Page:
They used the clay to make bricks, which they shaped in wooden molds and dried in the sun. These bricks were the building blocks for some of the world's first great cities, such as Ur and Uruk.
Trade brought riches to Sumerian cities. Traders sailed along the rivers or risked the dangers of desert travel to carry goods to distant regions. Although it is unclear where and when the wheel was invented, the Sumerians may have made the first wheeled vehicles. Archaeologists have found goods from as far away as Egypt and India in the rubble of Sumerian cities.
How did geography influence the development of civilizations in the Fertile Crescent?
By 3500 B.C., a number of cities had emerged in Mesopotamia, each numbering in the tens of thousands or more. Each city and the land surrounding formed a city-state. The Sumerians had few natural resources, but they made the most of what they had. They lacked building materials such as timber or stone, so they made bricks of clay. These bricks were the building blocks for some of the world's first great cities, such as Ur and Uruk.
The Ziggurat of Ur is an ancient temple built by Sumerians to honor their moon god, Nanna. Ziggurats were part of a temple complex that usually served as the administrative center of the city.
Sumerian cities had broad avenues used for religious processions or victory parades. The largest buildings were ziggurats (ZIG oo rats), pyramid-temples that soared toward the heavens. On top of each ziggurat stood a shrine to a particular god or goddess. Each city had its own chief god or goddess, but it might have several ziggurats honoring other gods.
Rulers lived in magnificent palaces with spacious courtyards. Most people, though, lived in tiny houses packed in a web of narrow alleys and lanes. Artisans who practiced the same trade, such as weavers or carpenters, lived and worked in the same street. These workshop-lined streets formed a bazaar, the ancestor of today's shopping mall.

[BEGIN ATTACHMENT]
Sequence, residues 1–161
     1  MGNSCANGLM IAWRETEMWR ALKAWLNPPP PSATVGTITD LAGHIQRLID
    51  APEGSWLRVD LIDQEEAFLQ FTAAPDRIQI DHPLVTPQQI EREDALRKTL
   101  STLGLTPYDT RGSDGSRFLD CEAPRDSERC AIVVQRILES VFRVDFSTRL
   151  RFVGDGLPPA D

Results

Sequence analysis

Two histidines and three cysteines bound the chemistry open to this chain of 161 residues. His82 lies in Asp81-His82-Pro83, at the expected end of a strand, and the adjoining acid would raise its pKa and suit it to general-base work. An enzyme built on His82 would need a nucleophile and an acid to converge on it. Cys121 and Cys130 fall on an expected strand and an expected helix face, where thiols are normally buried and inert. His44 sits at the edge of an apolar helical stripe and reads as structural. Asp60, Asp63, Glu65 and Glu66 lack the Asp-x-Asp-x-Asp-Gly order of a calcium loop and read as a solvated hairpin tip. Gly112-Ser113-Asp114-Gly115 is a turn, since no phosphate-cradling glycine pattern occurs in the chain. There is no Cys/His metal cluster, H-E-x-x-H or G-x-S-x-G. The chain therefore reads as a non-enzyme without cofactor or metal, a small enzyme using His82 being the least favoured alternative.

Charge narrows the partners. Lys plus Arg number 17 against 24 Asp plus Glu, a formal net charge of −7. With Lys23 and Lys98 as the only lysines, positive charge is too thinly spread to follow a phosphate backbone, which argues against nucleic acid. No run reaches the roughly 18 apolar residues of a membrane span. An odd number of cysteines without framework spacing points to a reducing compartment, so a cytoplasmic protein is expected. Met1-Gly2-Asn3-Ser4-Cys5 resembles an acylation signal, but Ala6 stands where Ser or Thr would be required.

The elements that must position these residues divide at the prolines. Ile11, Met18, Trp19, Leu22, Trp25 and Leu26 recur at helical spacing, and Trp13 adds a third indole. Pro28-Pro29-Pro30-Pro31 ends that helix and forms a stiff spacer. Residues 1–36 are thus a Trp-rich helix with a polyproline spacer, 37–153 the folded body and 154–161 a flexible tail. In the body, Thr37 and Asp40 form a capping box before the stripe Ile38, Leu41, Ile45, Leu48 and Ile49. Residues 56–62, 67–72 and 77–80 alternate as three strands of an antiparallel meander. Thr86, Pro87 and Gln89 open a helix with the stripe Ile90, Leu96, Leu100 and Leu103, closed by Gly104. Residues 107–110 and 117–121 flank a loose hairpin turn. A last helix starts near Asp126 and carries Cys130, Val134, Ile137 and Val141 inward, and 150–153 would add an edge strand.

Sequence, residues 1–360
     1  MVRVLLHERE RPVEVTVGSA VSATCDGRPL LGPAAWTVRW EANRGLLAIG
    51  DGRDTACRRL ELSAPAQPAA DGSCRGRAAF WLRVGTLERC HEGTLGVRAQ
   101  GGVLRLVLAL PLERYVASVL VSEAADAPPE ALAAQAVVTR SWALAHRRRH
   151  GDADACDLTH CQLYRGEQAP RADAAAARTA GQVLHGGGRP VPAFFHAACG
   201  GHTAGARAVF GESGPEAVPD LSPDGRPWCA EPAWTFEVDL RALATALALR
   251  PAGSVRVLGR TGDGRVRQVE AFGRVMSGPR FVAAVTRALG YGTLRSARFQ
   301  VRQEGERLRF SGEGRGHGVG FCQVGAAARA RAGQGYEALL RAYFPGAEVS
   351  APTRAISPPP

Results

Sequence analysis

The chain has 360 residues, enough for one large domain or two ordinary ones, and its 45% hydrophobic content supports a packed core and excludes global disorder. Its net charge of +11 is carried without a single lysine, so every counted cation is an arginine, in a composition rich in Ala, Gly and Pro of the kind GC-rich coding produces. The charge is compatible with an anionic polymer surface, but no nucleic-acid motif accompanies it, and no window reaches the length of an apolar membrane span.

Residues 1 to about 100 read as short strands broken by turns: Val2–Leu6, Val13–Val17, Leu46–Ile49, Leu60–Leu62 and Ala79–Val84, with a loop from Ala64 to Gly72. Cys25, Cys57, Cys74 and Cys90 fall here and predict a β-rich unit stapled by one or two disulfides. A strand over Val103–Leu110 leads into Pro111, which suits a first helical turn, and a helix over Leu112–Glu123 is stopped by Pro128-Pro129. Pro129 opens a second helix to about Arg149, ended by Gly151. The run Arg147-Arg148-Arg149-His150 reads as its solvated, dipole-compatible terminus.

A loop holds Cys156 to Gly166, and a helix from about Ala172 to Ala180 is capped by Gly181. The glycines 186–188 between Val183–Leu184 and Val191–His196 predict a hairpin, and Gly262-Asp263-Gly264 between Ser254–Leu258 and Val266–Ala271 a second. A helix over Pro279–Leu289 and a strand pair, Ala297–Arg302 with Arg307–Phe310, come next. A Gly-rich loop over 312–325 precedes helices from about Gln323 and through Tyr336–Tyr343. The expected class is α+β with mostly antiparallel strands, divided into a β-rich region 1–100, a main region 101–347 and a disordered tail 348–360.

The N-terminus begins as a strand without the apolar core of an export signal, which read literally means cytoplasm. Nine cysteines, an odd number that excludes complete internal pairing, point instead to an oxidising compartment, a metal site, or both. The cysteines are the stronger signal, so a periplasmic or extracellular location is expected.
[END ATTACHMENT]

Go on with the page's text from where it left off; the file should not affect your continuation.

Trade brought riches to the Sumerian cities. Traders sailed along the rivers or risked the dangers of desert travel to exchange goods with distant regions. Archaeologists have found goods from as far away as Egypt and India in the rubble of Sumerian cities. Although it is unclear where and when the wheel was invented, the Sumerians may have made the first wheeled vehicles. Using wheeled carts, Sumerian traders were able to carry larger loads on longer journeys.
Rival city-states often battled for control of land and water. For protection, people turned to war leaders. Over time, these war leaders became hereditary rulers, leading to the rise of monarchies. A monarchy is a form of government in which one person, such as a king or queen, has complete authority.
In each city-state, the ruler was responsible for maintaining the city walls and irrigation systems. He led its armies in war and enforced the laws. As government grew more complex, the ruler employed scribes to carry out functions such as collecting taxes and keeping records. The ruler also had religious duties. In the early city-states, rulers probably were priest-kings; that is, the ruler was seen as the chief servants of the gods and led ceremonies meant to please them.
Each Sumerian city-state had a distinct social hierarchy (HY ur ahr kee), or system of ranking groups. The highest class included the ruling family, leading officials, and high priests. A small middle class was made up of scribes, merchants, and artisans.